Travelling to the western coastline of Campania, we encounter some delicious white wines, particularly the Fiano di Avellino, which is inland in fairly high elevation nestled in volcanic soils. This white variety is made in different styles, from straightforward with lovely acidity to complex, richly textured, aromatic wines with underlying smoky and mineral notes. The famed Mastroberardino and the Feudi di San Gregorio are widely available. I recently enjoyed a long forgotten, 10-year old Terredora Fiano di Avellino from my cellar that was an extraordinary surprise with its youthful acidity, balanced complexity of ripe fruit and rich texture.
Greek Game Changers
The surge of interest in this country among sommeliers for Greek varietals is, in large measure, due to one person’s efforts, Sofia Perpera, the lead for the Greek Wine Bureau for the U.S. She introduced not only sommeliers but also wine writers and educators to these wonderful Greek offerings, including but not restricted to Assyrtiko, Malagouzia and Moschofilero. The Assyrtiko wines from the island of Santorini are the kind of wines that would appeal to Chablis lovers. They are bone dry in most cases, unless deliberately made in a dessert wine style, having very bright acidity and delicate floral and savory notes, with a persistent minerally character. Paris Sigalas, Gaia Estate among others are readily available in major markets.
The Malagouzia (also spelled as Malagousia) was rescued from extinction by Vangelis Gerovassiliou and provides a citrus, peach and beautiful floral and savoriness as a lovely summer food accompaniment. Producers such as Gerovassiliou and Alpha Estate are available in the U.S. Most prominent in the import market are the Moschofileros emanating particularly from Mantinea in the Peloponnese. They vary considerably in expression but my favorites have floral rose and violet notes, and spiciness reminiscent of some Gewurztraminers but with tangier acidity. This is a can be a stand-alone apéritif wine or, again due to its acidity, a great food wine. Boutari or Skouros are two of many fine producers of this varietal. Opa!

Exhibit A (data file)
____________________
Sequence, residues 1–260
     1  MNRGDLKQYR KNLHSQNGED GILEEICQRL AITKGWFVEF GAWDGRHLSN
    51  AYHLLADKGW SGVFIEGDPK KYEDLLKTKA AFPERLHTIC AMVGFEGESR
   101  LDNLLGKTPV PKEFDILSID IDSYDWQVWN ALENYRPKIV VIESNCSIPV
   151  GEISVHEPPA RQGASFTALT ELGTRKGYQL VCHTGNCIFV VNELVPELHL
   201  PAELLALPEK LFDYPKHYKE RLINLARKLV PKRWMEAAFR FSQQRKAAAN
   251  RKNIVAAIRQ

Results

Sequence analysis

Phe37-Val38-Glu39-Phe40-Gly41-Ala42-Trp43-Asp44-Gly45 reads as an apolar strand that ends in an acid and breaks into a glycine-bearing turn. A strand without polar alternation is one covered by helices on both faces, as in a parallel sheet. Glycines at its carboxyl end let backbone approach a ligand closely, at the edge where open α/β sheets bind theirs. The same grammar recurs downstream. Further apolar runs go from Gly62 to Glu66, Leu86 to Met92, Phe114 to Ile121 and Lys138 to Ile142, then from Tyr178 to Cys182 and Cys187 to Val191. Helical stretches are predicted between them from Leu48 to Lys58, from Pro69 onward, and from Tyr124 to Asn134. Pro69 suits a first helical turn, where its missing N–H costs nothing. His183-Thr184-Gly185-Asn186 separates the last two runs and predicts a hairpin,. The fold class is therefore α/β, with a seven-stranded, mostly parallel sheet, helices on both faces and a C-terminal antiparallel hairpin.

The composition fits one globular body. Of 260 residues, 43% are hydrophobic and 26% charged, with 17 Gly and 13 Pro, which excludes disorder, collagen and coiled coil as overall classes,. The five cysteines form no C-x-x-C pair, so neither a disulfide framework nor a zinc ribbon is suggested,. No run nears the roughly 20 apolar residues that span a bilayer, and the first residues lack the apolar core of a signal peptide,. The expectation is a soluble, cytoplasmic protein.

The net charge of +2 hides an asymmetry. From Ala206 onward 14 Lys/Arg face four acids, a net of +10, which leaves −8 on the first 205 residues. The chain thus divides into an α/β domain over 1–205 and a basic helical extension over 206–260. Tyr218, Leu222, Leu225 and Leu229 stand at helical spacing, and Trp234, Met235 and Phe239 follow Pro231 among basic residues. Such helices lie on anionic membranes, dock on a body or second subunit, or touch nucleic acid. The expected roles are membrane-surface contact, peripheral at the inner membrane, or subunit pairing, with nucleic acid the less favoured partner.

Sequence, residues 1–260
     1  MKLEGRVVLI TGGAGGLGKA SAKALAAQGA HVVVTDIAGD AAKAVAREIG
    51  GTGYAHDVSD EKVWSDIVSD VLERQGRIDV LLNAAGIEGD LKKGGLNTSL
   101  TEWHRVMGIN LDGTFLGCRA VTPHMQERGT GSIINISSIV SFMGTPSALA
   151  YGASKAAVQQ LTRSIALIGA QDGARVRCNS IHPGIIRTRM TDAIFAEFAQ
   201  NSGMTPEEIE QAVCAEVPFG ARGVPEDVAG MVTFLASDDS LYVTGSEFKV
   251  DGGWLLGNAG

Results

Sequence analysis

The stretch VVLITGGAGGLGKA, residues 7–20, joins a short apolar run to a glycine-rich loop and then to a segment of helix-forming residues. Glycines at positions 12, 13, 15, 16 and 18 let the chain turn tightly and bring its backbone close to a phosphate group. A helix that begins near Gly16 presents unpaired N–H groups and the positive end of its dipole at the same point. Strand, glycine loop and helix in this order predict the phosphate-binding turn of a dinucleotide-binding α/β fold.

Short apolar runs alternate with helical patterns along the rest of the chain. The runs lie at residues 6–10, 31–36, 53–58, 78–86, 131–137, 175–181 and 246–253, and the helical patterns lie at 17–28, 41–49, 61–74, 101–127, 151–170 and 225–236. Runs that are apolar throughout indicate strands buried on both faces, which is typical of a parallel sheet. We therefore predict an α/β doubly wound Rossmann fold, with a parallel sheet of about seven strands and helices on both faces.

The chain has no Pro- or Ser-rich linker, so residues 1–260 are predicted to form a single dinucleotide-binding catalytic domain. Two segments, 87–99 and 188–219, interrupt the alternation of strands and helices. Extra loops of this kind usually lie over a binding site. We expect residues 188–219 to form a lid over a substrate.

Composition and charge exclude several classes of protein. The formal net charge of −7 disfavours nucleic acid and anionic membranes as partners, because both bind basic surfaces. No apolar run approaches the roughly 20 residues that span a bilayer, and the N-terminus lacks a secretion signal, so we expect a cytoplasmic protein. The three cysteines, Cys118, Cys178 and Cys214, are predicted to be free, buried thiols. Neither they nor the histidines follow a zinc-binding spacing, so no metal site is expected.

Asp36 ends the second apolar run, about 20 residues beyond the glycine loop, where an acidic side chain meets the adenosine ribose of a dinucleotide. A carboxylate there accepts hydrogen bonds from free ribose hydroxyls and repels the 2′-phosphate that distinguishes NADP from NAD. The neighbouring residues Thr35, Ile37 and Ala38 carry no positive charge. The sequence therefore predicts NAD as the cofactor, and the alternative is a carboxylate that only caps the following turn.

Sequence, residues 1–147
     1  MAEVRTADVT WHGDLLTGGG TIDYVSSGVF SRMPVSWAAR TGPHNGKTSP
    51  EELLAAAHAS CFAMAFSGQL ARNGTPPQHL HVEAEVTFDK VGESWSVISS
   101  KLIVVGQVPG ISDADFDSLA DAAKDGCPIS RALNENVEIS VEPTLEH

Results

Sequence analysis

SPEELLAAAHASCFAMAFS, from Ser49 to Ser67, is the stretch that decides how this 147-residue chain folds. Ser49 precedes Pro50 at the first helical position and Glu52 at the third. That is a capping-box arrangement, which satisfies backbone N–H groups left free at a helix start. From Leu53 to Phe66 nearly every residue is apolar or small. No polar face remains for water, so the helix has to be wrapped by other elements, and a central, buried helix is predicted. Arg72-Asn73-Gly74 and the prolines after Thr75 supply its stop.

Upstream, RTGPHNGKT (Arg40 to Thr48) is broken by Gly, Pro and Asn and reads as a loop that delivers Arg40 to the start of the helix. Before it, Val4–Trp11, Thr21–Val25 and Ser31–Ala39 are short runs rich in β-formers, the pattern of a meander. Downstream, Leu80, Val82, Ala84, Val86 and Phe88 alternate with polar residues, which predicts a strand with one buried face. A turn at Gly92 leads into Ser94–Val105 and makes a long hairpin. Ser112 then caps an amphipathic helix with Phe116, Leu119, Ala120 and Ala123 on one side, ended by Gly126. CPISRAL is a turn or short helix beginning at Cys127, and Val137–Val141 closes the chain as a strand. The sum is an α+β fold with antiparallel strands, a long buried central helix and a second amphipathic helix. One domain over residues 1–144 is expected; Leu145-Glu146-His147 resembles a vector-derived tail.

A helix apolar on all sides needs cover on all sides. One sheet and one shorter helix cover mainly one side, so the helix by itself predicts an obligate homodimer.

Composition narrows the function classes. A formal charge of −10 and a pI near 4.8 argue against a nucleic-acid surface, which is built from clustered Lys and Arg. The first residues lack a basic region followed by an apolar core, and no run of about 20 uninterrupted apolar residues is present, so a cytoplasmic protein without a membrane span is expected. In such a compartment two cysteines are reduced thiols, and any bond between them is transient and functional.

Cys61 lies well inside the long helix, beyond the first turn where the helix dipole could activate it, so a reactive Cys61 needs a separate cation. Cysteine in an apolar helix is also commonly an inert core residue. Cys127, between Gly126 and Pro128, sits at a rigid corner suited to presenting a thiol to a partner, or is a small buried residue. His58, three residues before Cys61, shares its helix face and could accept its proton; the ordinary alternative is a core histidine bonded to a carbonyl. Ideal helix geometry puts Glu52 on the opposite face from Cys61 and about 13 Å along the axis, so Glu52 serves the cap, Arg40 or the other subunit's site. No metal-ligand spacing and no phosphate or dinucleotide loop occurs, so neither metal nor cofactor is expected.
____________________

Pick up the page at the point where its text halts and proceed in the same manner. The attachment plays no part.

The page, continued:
‘Tis the Season for Pink
Americans have finally woken up to the pleasures of dry rosé wines as delicious accompaniments to a wide range of foods, especially in the summer. The explosive growth of more than 40 percent annually of rosé wines in the U.S. may be due to the influence of Angelina Jolie and Brad Pitt’s purchase of Chateau Miraval in the Côtes de Provence, but more likely that the ancient tradition has persisted for a very good reason: They can be delicious.
There are two ways of making rosé wines, excluding blending of red and white wines – a practice forbidden in the EU except for rosé Champagne. One method is the direct press of red grapes such as Grenache, Mourvèdre, Syrah and Cinsault, all prominent in the south of France and Spain, which results in a very pale colored pink wine and is predominant in Provence rosé wines. The other method is called “saignée” (bleeding), in which the juice is macerated with the grape skins for several hours or more. This method provides more color and structure. They can have both depth and complexity, and most are marked by bright red and stone fruit with floral notes.
While I can particularly relate best to the rosés of Provence and the Southern Rhône, I remember decades ago trying a Heitz Cellar Napa Valley Grignalino rosé and being so delighted and impressed that I have been a fan ever since. Its crisp acidity with lovely red fruit and floral character is entrancing and a perfect accompaniment to summer offerings. The deeper colored rosé wines from Tavel in the southern Rhône, such those of Chateau d’Aqueria or those of Domaine du Joncier from neighboring Lirac, will convert any serious wine lover or novice to the pleasures of such wines.
The Navarra DO of Spain is well known for its rosados, which are made primarily from Grenache but may have Cabernet Sauvignon, Merlot or Tempranillo as part of the blend. If you haven’t had the pleasure, find Campos de Enanzo Garnacha Rosado, Julian Chivite’s Gran Feudo Rosado or Vega Sindoa’s Rosado, for under $10 retail. Another advantage of rosé wines is that they can be enjoyed by a several guests at a table who are having very different meals. It relieves the host from the pressures of ordering “the right wine” for everyone – not that there is such a thing, but these come very close! Do your guests a favor this summer: Offer them daring and adventurous wines to enjoy, and the payback will be all the greater because it will help make for a memorable experience.